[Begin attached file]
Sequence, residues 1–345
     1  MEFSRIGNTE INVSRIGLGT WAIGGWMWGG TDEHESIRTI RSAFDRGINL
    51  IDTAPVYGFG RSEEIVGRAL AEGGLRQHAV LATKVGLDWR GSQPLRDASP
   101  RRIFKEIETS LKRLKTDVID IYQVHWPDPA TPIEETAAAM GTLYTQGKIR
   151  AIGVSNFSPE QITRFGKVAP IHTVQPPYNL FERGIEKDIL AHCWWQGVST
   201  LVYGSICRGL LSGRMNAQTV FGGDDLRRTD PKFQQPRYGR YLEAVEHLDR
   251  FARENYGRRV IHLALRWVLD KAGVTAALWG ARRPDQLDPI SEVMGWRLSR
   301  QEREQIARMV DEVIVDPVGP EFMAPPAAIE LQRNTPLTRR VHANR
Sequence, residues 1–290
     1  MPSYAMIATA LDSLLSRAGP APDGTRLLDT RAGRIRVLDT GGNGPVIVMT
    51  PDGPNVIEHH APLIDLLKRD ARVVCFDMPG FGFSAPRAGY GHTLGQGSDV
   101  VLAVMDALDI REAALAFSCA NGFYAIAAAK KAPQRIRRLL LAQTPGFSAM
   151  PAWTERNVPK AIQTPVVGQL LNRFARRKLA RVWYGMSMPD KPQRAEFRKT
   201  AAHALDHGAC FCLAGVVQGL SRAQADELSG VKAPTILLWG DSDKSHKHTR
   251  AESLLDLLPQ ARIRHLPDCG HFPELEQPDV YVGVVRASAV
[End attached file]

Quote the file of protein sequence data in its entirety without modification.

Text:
Sequence, residues 1–345
     1  MEFSRIGNTE INVSRIGLGT WAIGGWMWGG TDEHESIRTI RSAFDRGINL
    51  IDTAPVYGFG RSEEIVGRAL AEGGLRQHAV LATKVGLDWR GSQPLRDASP
   101  RRIFKEIETS LKRLKTDVID IYQVHWPDPA TPIEETAAAM GTLYTQGKIR
   151  AIGVSNFSPE QITRFGKVAP IHTVQPPYNL FERGIEKDIL AHCWWQGVST
   201  LVYGSICRGL LSGRMNAQTV FGGDDLRRTD PKFQQPRYGR YLEAVEHLDR
   251  FARENYGRRV IHLALRWVLD KAGVTAALWG ARRPDQLDPI SEVMGWRLSR
   301  QEREQIARMV DEVIVDPVGP EFMAPPAAIE LQRNTPLTRR VHANR
Sequence, residues 1–290
     1  MPSYAMIATA LDSLLSRAGP APDGTRLLDT RAGRIRVLDT GGNGPVIVMT
    51  PDGPNVIEHH APLIDLLKRD ARVVCFDMPG FGFSAPRAGY GHTLGQGSDV
   101  VLAVMDALDI REAALAFSCA NGFYAIAAAK KAPQRIRRLL LAQTPGFSAM
   151  PAWTERNVPK AIQTPVVGQL LNRFARRKLA RVWYGMSMPD KPQRAEFRKT
   201  AAHALDHGAC FCLAGVVQGL SRAQADELSG VKAPTILLWG DSDKSHKHTR
   251  AESLLDLLPQ ARIRHLPDCG HFPELEQPDV YVGVVRASAV